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Bumps in the road

Every city wants its share of new transportation funds. Is the state panel in charge up to the job?

March 09, 2007

PROPOSITION 1B, the $19.9-billion transportation bond approved by voters in November, was designed to ensure that the money was distributed fairly and to avoid regional political infighting. But the process has started looking pretty political after all.

Voters have reason to be nervous about that, especially because future decisions will involve money crucial to Southern California's economy: the $2 billion devoted to speeding movement of goods from the state's ports.

Much of the bond money is being distributed by the California Transportation Commission, which evaluates plans and allocates state money for them. The commission had a fairly low profile until the passage of Proposition 1B, but with every community in California looking for a piece of that $19.9-billion pie, the board has come under increased scrutiny. And many politicians don't much like what they see.

L.A. Mayor Antonio Villaraigosa led several local officials to Sacramento last month after the board's initial list of recommended projects largely bypassed Los Angeles (they won a decision to fund their main priority -- the widening of the 405 Freeway).

Many of the commission's nine members are developers, labor leaders or trucking company executives -- in other words, people who could potentially benefit from its funding decisions. Of greater regional concern is that with the recent departure of Commissioner Esteban Torres, only one member hails from Los Angeles County. Yet L.A. accounts for nearly one-third of the state's population.

The commission's actions are more important than its composition, and there, too, the early signs are troubling. For instance, $2 billion from Proposition 1B is supposed to go to a "Trade Corridor Improvement Fund" to boost the movement of goods. Yet commissioners have suggested that that money may go for highway projects far from any ports and only tangentially related to trade.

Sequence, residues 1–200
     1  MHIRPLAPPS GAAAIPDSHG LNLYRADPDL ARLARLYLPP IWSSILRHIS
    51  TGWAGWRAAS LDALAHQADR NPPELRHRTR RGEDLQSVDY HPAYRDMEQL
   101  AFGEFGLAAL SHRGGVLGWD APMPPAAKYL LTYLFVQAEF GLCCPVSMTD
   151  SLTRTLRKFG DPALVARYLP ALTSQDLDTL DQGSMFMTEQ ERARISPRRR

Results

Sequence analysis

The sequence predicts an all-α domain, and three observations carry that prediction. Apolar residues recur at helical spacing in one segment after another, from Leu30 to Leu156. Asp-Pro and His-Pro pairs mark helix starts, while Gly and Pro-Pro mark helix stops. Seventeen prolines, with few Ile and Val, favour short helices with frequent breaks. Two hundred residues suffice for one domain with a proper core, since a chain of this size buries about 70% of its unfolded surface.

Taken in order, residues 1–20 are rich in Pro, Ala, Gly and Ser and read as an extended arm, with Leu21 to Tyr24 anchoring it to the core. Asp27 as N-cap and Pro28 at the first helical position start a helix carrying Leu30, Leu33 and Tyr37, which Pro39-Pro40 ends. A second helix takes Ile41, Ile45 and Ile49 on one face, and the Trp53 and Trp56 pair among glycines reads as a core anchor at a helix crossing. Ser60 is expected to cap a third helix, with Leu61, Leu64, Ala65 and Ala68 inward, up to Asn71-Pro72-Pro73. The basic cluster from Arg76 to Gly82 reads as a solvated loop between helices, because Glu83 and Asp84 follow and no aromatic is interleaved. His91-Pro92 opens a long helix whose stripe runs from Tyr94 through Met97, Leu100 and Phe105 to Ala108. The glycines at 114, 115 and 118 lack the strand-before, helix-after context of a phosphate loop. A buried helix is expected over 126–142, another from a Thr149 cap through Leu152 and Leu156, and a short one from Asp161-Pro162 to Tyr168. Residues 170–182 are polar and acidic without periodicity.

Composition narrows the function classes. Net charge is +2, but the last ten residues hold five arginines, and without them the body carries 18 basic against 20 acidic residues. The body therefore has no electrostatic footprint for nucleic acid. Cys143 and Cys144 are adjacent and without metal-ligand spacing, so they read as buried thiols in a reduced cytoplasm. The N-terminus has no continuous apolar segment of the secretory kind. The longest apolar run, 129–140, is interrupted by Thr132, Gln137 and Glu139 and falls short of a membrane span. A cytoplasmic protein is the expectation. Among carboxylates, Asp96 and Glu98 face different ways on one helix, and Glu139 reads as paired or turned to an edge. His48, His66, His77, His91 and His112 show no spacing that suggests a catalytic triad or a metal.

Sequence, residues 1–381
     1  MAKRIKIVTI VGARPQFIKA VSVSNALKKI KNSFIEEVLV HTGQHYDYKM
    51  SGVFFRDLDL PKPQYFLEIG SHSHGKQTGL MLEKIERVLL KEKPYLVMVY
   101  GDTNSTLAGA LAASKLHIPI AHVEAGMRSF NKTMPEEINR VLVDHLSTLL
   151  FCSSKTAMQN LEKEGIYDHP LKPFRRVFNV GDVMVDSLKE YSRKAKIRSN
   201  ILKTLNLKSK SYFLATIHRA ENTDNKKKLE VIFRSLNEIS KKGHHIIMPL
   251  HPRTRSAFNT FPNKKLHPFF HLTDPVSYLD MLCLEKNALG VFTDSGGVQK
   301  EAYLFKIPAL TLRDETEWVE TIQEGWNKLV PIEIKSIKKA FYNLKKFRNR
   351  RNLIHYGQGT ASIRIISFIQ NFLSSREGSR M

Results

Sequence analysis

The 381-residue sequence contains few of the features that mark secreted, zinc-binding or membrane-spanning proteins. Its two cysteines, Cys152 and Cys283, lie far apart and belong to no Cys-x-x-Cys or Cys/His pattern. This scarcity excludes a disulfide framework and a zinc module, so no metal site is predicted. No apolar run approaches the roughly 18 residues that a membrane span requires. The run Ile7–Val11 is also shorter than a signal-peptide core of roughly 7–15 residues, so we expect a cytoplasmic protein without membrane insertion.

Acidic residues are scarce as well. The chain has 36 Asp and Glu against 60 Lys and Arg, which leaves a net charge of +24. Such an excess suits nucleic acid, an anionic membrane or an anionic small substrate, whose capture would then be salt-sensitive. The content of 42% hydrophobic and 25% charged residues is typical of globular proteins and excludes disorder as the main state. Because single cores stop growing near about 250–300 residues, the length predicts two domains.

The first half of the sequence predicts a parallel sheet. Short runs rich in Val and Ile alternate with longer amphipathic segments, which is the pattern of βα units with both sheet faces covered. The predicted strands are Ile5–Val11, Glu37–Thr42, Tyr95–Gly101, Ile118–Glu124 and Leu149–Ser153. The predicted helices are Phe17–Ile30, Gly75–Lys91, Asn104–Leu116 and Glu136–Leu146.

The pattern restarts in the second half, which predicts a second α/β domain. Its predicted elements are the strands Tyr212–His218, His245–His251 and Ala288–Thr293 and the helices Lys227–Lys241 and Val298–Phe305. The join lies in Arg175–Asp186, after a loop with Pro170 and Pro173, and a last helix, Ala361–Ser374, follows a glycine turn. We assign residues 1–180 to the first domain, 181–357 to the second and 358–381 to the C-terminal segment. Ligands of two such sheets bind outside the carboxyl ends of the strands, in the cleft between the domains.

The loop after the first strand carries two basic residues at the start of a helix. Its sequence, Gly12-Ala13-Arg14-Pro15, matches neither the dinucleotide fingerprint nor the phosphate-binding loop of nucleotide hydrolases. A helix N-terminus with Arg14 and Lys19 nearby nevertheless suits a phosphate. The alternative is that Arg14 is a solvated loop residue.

In dedicating the first $4.5 billion in bond funds to highway and road projects, the commission stated that it would consider spending Trade Corridor Improvement Fund money on interstates 5, 10, 80 and 580. Though all those freeways are indeed used by trucks carrying cargo containers, that is by no means their primary purpose (as opposed to, say, the 710 Freeway).

There are trade-related transportation projects much more needy, especially improvements to the Alameda Corridor train route between the ports and downtown L.A. Every freight train added to the system takes an average of 280 trucks off the road, and 280 trucks take up the space of 750 cars, according to the Los Angeles County Economic Development Corp.

Allocating the trade corridor money probably will take several months; Gov. Arnold Schwarzenegger's administration has gotten off to a good start with a strong list of suggested projects. His plan devotes more than three-quarters of the money to Los Angeles and the Inland Empire -- fully justified considering that more than 80% of the goods passing through California go through the ports of Los Angeles and Long Beach.

Other than $40 million for truck lanes on the 580 Freeway in Alameda County (home to the Port of Oakland), the other freeways singled out by the commission don't merit a mention.

The transportation commission learned last month that its decisions are being watched closely. It should bear this scrutiny in mind when distributing the trade corridor money, which voters intended to pay for projects that will have the biggest possible effect on speeding containers to their destinations, not for projects that didn't make the cut for highway funding.

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